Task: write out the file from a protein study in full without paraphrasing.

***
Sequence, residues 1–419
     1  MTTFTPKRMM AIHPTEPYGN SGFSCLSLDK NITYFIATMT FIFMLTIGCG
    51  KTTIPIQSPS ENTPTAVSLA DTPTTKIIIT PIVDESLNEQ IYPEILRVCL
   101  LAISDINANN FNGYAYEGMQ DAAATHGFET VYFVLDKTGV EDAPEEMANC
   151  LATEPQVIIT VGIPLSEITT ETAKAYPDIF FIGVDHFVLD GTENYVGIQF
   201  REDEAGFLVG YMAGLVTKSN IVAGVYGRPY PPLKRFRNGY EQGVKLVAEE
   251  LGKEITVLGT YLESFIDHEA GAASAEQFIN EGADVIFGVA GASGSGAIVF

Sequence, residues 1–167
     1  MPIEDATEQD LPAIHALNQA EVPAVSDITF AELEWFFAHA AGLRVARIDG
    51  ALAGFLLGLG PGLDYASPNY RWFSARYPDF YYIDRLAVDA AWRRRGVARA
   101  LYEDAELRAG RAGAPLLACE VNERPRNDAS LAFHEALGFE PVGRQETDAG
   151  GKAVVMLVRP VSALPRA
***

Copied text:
Sequence, residues 1–419
     1  MTTFTPKRMM AIHPTEPYGN SGFSCLSLDK NITYFIATMT FIFMLTIGCG
    51  KTTIPIQSPS ENTPTAVSLA DTPTTKIIIT PIVDESLNEQ IYPEILRVCL
   101  LAISDINANN FNGYAYEGMQ DAAATHGFET VYFVLDKTGV EDAPEEMANC
   151  LATEPQVIIT VGIPLSEITT ETAKAYPDIF FIGVDHFVLD GTENYVGIQF
   201  REDEAGFLVG YMAGLVTKSN IVAGVYGRPY PPLKRFRNGY EQGVKLVAEE
   251  LGKEITVLGT YLESFIDHEA GAASAEQFIN EGADVIFGVA GASGSGAIVF

Sequence, residues 1–167
     1  MPIEDATEQD LPAIHALNQA EVPAVSDITF AELEWFFAHA AGLRVARIDG
    51  ALAGFLLGLG PGLDYASPNY RWFSARYPDF YYIDRLAVDA AWRRRGVARA
   101  LYEDAELRAG RAGAPLLACE VNERPRNDAS LAFHEALGFE PVGRQETDAG
   151  GKAVVMLVRP VSALPRA